Art that empowers: a photography exhibition that sustains livelihoods.

In buying these compelling portraits, punters are directly empowering those in the photographs.

Amongst the subdued tones of a drought-stricken field in Ethiopia emerges a family of three, each dressed in exquisitely patterned red and black textiles. There is a striking theatricality to the photograph, the textiles’ rich colours are so at odds with the pale hues of the field. The contrast is typical of internationally renowned artist Xiomara Bender’s new exhibition, where the drama is not in her subjects’ steady gazes but in the textiles that they are wearing. In another photo, a man sits in a field of motley brown cows dressed in an impeccable white vest with coloured woven details and a soft watermelon coloured shawl draped over his shoulders. Another family are cocooned in swaths of crisp white and pastel coloured shawls. The beauty of the textiles are front and centre in the portraits, and they tell us something particular about those that are wearing them.

Photo credit: Xiamora Bender

Photo credit: Xiomara Bender

The portrayed wearers are in fact the weavers of the fabrics. Capturing them at home in Addis Ababa, Bender depicts thirty-eight Ethiopian weavers for PortrAid’s “Get Art. Give Work”, an exhibition which opens today at DRIVE. Volkswagen Group Forum Berlin. The weavers model their own creations, each one handmade.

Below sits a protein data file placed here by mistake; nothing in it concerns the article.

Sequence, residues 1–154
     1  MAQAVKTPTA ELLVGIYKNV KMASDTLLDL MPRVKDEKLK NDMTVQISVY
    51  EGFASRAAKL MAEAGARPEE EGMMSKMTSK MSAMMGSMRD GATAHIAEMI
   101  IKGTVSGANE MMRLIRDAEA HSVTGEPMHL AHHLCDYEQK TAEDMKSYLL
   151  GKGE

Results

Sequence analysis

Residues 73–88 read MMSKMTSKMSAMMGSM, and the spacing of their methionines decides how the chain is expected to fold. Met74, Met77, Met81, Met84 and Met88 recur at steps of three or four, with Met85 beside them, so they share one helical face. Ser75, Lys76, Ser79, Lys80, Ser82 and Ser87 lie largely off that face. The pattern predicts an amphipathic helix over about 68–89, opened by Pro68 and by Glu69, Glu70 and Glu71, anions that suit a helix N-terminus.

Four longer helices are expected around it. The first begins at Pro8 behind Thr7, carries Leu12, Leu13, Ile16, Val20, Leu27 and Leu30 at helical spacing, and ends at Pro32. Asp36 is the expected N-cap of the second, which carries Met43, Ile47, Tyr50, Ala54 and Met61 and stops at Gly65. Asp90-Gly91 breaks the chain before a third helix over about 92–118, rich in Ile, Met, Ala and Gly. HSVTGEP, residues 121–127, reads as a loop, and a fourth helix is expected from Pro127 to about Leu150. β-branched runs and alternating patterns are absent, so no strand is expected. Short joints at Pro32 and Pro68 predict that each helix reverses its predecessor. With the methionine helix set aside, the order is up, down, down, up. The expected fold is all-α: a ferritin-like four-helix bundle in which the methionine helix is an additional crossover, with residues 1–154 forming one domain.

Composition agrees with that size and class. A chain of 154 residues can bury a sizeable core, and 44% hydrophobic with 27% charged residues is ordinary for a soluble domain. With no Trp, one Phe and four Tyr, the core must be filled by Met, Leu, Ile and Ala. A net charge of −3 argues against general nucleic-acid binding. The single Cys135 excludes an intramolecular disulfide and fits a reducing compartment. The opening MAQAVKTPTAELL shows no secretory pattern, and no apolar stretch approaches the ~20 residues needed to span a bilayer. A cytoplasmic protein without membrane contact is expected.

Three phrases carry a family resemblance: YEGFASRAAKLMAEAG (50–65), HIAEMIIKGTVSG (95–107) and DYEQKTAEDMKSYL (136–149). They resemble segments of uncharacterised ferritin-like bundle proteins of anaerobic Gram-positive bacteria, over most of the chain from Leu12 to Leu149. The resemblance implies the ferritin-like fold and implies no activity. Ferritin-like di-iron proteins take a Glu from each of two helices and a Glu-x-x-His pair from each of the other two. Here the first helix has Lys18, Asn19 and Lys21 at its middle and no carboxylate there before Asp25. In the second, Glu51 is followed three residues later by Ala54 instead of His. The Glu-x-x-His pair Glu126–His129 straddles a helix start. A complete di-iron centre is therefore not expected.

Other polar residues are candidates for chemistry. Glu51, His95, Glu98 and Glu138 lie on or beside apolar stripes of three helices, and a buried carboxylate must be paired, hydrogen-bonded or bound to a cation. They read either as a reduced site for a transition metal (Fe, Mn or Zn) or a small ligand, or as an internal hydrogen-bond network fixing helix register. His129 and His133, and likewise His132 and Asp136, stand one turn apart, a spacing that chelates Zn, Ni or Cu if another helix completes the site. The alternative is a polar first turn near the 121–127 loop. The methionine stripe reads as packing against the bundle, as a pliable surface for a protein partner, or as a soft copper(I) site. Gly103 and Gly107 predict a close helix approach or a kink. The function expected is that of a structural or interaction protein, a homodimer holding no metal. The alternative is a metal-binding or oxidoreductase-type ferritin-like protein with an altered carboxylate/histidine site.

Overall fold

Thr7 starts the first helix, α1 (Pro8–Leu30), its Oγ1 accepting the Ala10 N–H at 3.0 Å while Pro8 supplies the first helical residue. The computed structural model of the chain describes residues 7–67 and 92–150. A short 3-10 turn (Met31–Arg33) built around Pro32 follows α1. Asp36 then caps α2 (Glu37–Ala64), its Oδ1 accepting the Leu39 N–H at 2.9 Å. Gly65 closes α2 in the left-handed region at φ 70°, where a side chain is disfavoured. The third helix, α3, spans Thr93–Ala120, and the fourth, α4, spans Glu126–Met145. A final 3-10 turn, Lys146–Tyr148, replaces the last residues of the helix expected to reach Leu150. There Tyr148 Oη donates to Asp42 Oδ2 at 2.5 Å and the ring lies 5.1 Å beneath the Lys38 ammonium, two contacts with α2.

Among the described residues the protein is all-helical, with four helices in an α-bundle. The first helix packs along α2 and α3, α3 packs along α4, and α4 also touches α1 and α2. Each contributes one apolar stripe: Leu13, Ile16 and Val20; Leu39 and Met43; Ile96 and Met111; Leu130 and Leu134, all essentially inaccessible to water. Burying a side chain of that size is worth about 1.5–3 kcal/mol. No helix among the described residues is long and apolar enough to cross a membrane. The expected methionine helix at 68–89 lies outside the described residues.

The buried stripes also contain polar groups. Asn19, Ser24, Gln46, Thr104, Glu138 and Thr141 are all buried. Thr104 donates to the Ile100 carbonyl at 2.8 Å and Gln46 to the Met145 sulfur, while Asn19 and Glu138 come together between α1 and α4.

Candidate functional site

“Get Art. Give Work” is clearly no ordinary photography exhibition, but something much more ambitious. As the photographs capture the beauty of the textiles, they are also supporting the preservation of the tradition which created them. With the sale of each photograph the proceeds will go directly to the weaver pictured, allowing them to purchase their own loom. With this loom they can continue to create artisanal textiles and ensure their livelihood.

This is the fourth exhibition mounted by PortrAid and follows the same basic concept: a renowned photographer is chosen to create portraits of a community in need. The works are exhibited, printed in museum quality and sold at a price that pays for the needs of the person portrayed. Thus, all the proceeds go directly to the person in the photograph. It’s a win-win situation for all involved, the buyer gets a beautiful piece of art and the subjects of the portrait receive support for their craft.

©2017_PortrAid_Xiomara_Bender_Aethiopien_05_Habtamu Abebe_preview

Photo credit: Xiomara Bender

The concept for PortrAid was born in Berlin-Kreuzberg out of a collaboration between Andrea Bury, who founded the ABURY Foundation in 2011 to support traditional crafts and education projects in Morocco, and the internationally celebrated photographer Thomas Rusch. Both saw an opportunity to use art as a means of connecting a donor of charity and the recipient. They envisioned a project in which a portrait could become the means in which a donor gains a piece of art and simultaneously provides direct support to the portrayed.

In the first exhibition “I see you see” in 2015, Rusch photographed Moroccan craftsmen with cataracts in a series of portraits which when sold funded their eye surgery. The resounding success of the exhibition allowed all of the artisans to access surgery. The success of “I see you see” soon led to “I see you learn” (2016) in which 58 children from 3 pre-schools in the Atlas Mountains, one of them founded by the ABURY Foundation, were portrayed. Each sale led to the funding of one year of pre-school education for a child.